( Originally Published 1879 )
IN every community there are men who are deter-mined not to work if work can be shirked. Without avowing this determination to themselves, or reflecting that they are fighting against a law of nature, they begin life with a resolution to enjoy all the good things that are accumulated by the labor of man, without contributing their own share of labor to the common stock. Hence the endless schemes for getting rich in a day—for reaching the goal of wealth by a few gigantic bounds, instead of by slow and plodding steps. It matters not in what such men deal, whether in oroide watches or in watered stock; whether they make "corners" in wheat or in gold; whether they gamble in oats or at roulette; whether they steal a railway or a man's money by "gift-concerts"—the principle is in all cases the same, namely, to obtain something for nothing, to get values without parting with anything in exchange. Everybody knows the history of such men, the vicissitudes they experience — vicissitudes rendering the millionaire of today a beggar tomorrow.
Firms are constantly changing. Splendid mansions change hands suddenly. A brilliant party is held in an up-town house, the sidewalk is carpeted, and the papers are full of the brilliant reception. The next season the house will be dismantled, and a family, "going into the country," or "to Europe," will offer their imported furniture to the public under the hammer. A brilliant equipage is seen in the parks in the early part of the season, holding gaily dressed ladies and some successful speculators. Before the season closes some government officer or sporting man will drive that team on his own account, while the gay party that called the outfit their own in the early part of the season have passed away forever. This grows out of the manner in which business is done. There is no thrift, no forecast, no thought for the morrow. A man who makes fifty thousand dollars, instead of settling half of it on his wife and children, throws the whole into a speculation with the expectation of making it a hundred thousand. A successful dry goods jobber, who has a balance of seventy-five thousand dollars to his credit in the bank, instead of holding it for a wet day or a tight time, goes into a little stock speculation and hopes to make a fortune at a strike. Men who have a good season launch out into extravagancies and luxuries, and these, with the gambling mania, invariably carry people under.
A gentleman, who had a very successful trade, built him an extraordinary country seat in Westchester county, which was the wonder of the age. His house was more costly than the palace of the Duke of Buccleuch. His estate comprised several acres laid out in the most expensive manner, and the whole was encircled with gas lights, several hundred in number, which were lit every evening. As might have been expected, with the first ,reverse, (and it comes sooner or later to all,) the merchant was crushed, and as he thought disgraced; and he was soon carried to his sepulchre, the wife obliged to leave her luxurious home, and by the kindness of creditors was allowed, with her children, to find temporary refuge in the coachman's loft in her stable.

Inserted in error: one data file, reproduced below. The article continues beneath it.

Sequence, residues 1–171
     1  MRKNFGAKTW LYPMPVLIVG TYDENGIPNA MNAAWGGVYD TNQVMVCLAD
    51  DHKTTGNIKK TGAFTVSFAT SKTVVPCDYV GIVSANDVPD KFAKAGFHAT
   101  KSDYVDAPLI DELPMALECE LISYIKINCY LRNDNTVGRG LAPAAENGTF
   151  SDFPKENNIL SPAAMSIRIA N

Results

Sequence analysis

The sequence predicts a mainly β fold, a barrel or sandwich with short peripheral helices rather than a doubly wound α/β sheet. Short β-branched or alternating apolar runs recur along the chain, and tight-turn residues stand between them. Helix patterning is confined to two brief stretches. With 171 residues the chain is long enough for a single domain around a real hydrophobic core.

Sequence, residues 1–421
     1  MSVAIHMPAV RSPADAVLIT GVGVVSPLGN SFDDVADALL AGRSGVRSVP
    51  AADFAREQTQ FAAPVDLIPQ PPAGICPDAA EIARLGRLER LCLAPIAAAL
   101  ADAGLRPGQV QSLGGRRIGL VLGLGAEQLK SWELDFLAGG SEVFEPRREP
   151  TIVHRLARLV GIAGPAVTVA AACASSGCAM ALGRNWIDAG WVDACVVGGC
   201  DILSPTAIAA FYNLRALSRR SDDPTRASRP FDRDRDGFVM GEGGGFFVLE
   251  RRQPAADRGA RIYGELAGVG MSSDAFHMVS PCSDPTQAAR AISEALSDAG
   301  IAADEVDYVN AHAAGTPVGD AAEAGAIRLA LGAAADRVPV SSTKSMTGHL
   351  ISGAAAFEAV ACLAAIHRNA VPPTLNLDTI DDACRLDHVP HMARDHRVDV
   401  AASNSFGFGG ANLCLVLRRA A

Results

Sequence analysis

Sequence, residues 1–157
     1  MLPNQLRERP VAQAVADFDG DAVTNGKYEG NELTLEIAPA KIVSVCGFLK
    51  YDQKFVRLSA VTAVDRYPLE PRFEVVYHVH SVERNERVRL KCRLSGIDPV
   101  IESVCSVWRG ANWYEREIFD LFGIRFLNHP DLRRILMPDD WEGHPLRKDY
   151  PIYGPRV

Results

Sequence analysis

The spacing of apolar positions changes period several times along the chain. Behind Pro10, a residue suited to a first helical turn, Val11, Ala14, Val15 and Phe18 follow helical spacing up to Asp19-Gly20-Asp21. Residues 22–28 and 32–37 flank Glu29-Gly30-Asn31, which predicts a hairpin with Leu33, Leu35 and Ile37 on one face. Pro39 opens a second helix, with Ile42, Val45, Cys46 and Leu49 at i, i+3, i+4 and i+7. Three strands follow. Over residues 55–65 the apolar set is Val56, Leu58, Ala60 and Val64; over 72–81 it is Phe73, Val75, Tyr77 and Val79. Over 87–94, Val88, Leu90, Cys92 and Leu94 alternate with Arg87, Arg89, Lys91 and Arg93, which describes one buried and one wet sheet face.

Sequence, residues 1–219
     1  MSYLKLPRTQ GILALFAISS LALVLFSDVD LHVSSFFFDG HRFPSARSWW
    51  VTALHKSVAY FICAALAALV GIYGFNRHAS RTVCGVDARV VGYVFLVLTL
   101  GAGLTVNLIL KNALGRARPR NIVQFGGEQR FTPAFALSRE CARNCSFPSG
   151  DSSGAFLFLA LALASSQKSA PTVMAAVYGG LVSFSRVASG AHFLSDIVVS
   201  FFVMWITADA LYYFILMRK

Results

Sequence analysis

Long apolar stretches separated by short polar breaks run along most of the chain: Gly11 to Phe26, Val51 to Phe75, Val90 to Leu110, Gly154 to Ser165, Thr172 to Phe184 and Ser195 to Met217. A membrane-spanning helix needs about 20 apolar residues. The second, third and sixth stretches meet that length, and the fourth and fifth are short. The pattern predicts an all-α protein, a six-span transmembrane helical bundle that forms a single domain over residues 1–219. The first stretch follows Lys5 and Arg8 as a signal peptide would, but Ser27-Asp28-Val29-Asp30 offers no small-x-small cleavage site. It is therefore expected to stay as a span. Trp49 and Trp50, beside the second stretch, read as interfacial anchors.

Americans are always in a hurry when they have an object to accomplish; but if there is any vocation or pursuit in which gradual, slow-coach processes are scouted with peculiar detestation, it is that of acquiring riches. Especially is this true at the present day, when fortunes are continually changing hands; and men are so often, by a lucky turn of the wheel, lifted from the lowest depths of poverty to the loftiest pinnacle of wealth and affluence. Exceptional persons there are, who are content with slow gains—willing to accumulate riches by adding penny to penny, dollar to dollar; but the mass of business men are too apt to despise such a tedious, laborious ascent of the steep of fortune, and to rush headlong into schemes for the sudden acquisition of wealth. Hence honorable labor is too often despised; a man of parts is expected to be above hard work.
There is, with a great majority of men, a want of constancy in whatever plans they undertake. They toil as though they doubted that life had earnest and decided pathways; as though there was no compass but the shifting winds, with each of which they must change their course. Thus they beat about on the ocean of time, but never cross it, to rest on delightful islands or mainlands.